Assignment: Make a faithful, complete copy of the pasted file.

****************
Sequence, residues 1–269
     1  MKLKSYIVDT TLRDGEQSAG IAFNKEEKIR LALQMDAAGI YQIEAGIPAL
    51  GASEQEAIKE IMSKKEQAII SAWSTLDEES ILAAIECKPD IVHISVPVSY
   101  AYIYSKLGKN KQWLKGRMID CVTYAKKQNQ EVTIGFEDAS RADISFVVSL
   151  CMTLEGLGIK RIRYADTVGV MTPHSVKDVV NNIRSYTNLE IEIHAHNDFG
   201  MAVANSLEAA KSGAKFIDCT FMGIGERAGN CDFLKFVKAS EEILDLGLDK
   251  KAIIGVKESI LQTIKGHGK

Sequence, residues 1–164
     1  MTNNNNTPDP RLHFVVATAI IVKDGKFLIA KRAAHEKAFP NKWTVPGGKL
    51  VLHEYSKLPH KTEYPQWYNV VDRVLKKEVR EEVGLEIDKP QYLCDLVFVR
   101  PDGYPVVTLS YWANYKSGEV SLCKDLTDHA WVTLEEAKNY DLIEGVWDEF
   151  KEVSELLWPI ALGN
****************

Sequence, residues 1–269
     1  MKLKSYIVDT TLRDGEQSAG IAFNKEEKIR LALQMDAAGI YQIEAGIPAL
    51  GASEQEAIKE IMSKKEQAII SAWSTLDEES ILAAIECKPD IVHISVPVSY
   101  AYIYSKLGKN KQWLKGRMID CVTYAKKQNQ EVTIGFEDAS RADISFVVSL
   151  CMTLEGLGIK RIRYADTVGV MTPHSVKDVV NNIRSYTNLE IEIHAHNDFG
   201  MAVANSLEAA KSGAKFIDCT FMGIGERAGN CDFLKFVKAS EEILDLGLDK
   251  KAIIGVKESI LQTIKGHGK

Sequence, residues 1–164
     1  MTNNNNTPDP RLHFVVATAI IVKDGKFLIA KRAAHEKAFP NKWTVPGGKL
    51  VLHEYSKLPH KTEYPQWYNV VDRVLKKEVR EEVGLEIDKP QYLCDLVFVR
   101  PDGYPVVTLS YWANYKSGEV SLCKDLTDHA WVTLEEAKNY DLIEGVWDEF
   151  KEVSELLWPI ALGN